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A History of Japan
The Nixon Shocks were not as damaging as the Oil Shock, but ih» ^ were disturbing to the Japanese. They clearly signalled a cooling in jg American attitudes and goodwill towardsJapan. Nevertheless,Japan rode ■>1 them all out, and by the end of the 1970s many Japanese were starting to * wonder if they needed American goodwill anyway. After all, Japan wasO now the master, and ifAmerica turned its back on Japan then it would be il America's loss, not Japan's. Hadn't a Harvard professor told them so? i
■*■> 6.4 A Superpower under Siege - and a Bubble
Japan's economy continued to grow at around 4 per cent during the early 1980s. Its trade surplus with America, which had started to develop since the late 1970s, became massive, typically in the order of US$40-50bil­lion. Japanese products were everywhere.
There had been some criticism of Japan's seemingly narrow focus on economic growth during the 1970s, but in general the praise had pre­dominated. The balance was now tipping the other way. Backlashes were starting to become serious, not just in America. The Japanese were increasingly criticised as 'economic animals' who lacked any values other than makingmono}'. There were anti:Japanese protests in which Japanese products were destroyed by sledgehammers. Books were appearing that openly denounced the ethics of certain Japanese trade practices.102
Some of the criticism was justified. The Japanese were at times undoubtedly guilty of 'dumping' (selling below cost in a targeted mar­ket) or erecting non-tariff barriers (disadvantaging imports bynon-economic practices such as time-consuming testing). However, the criticism was expressed in increasingly emotional language. It was almost like war brewing - an economic war that was threatening to get out of hand.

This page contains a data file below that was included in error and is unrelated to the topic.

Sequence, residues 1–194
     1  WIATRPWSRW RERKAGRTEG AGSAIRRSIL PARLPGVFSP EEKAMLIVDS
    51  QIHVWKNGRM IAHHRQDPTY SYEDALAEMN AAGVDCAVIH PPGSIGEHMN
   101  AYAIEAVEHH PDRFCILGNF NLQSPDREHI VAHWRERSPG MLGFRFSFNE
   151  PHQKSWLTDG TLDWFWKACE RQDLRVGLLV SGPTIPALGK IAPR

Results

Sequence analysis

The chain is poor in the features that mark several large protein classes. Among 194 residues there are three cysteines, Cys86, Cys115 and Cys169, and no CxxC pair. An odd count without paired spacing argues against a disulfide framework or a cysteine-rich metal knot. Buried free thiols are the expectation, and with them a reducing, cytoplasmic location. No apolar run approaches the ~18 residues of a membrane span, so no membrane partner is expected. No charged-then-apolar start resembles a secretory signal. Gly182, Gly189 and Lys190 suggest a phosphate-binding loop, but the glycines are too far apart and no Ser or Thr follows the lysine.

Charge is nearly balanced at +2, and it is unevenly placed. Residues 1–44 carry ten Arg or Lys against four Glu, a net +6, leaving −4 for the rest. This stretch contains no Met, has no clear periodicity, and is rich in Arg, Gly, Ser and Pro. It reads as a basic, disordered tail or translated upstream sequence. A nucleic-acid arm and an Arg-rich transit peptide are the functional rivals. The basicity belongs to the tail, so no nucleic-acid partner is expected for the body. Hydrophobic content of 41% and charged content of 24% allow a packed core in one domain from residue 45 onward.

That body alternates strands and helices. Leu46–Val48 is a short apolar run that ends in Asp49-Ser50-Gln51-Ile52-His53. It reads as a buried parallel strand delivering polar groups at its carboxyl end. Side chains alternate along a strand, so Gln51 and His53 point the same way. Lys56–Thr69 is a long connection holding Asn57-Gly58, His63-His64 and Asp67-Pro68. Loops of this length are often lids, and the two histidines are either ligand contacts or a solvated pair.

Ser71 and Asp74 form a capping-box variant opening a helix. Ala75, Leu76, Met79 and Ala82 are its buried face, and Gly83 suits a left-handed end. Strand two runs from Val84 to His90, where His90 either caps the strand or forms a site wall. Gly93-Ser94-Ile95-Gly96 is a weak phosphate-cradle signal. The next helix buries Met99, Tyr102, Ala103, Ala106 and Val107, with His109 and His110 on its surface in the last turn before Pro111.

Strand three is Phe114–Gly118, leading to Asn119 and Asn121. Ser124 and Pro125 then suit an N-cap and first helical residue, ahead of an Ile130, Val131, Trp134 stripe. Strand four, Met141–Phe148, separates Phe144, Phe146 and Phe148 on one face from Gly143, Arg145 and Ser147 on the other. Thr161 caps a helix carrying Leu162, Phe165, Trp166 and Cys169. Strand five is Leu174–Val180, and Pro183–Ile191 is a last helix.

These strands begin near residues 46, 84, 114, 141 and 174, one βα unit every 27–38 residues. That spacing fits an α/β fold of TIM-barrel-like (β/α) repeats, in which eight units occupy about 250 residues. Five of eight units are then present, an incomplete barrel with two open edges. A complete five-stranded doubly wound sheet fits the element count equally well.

To try to remedv the situation a meeting was convened in 1985 in New York's Plaza Hotel, attended by the financial leaders of the United Slates, Britain, France, Germany, and Japan. Inthe so-called Plaza Accord they agreed effectively to devalue the dollar relative to the yen. The yen duly rose, in what is known as 'endaka' ('high yen'). One result was an increased transfer of Japanese business operations overseas so as to make use of cheaper labour. However, contrary to .American expectations, American goods did not make significantly greater inroads into Japan. Japanese goods- now often produced abroad - continued to loom large in the American market.

A Phoenix from the Ashes
klThe Japanese now tried, with some 'success', to stimulate domestic Remand by releasing cheap capital. Loans were made available at remark-illy low interest. Prices of land in particular, which was used as collateral against loans, were allowed to escalate to absurd levels. The land infjjte: immediate vicinity of the Imperial Palace theoretically had the same price tag in 1988 as all of California. Japan's total land assets at the lime 'vfere equivalent to no less than 60 per cent of the entire land value of tjxe planet - 200 times the 0.3 per cent of the planet it occupies in geo­graphical terms.103 Stock market prices also became grossly inflated, with some companies worth more onpaper, than the entire GNP of many countries. This was the infamous Bubble Economy.
| Japan had become the second largest economy in the Free World in the late 1960s. However, it was during the Bubble Economy of the late 1980s that, in terms of per capita income, the Japanese became officially the wealthiest people in the world - at least on paper.
The money inevitably flowed overseas. Japanseemed to be buying up the world. By this stage it was the largest net overseas investor nation in the world. It controlled 4 per cent of the American economy, and Japanese companies even bought up bastions of America such as the Rockefeller Center and Columbia Film Studios.
Equally inevitably, this stirred up anti-Japanese feelings even more. The Japanese called this 'Japan bashing', and felt...
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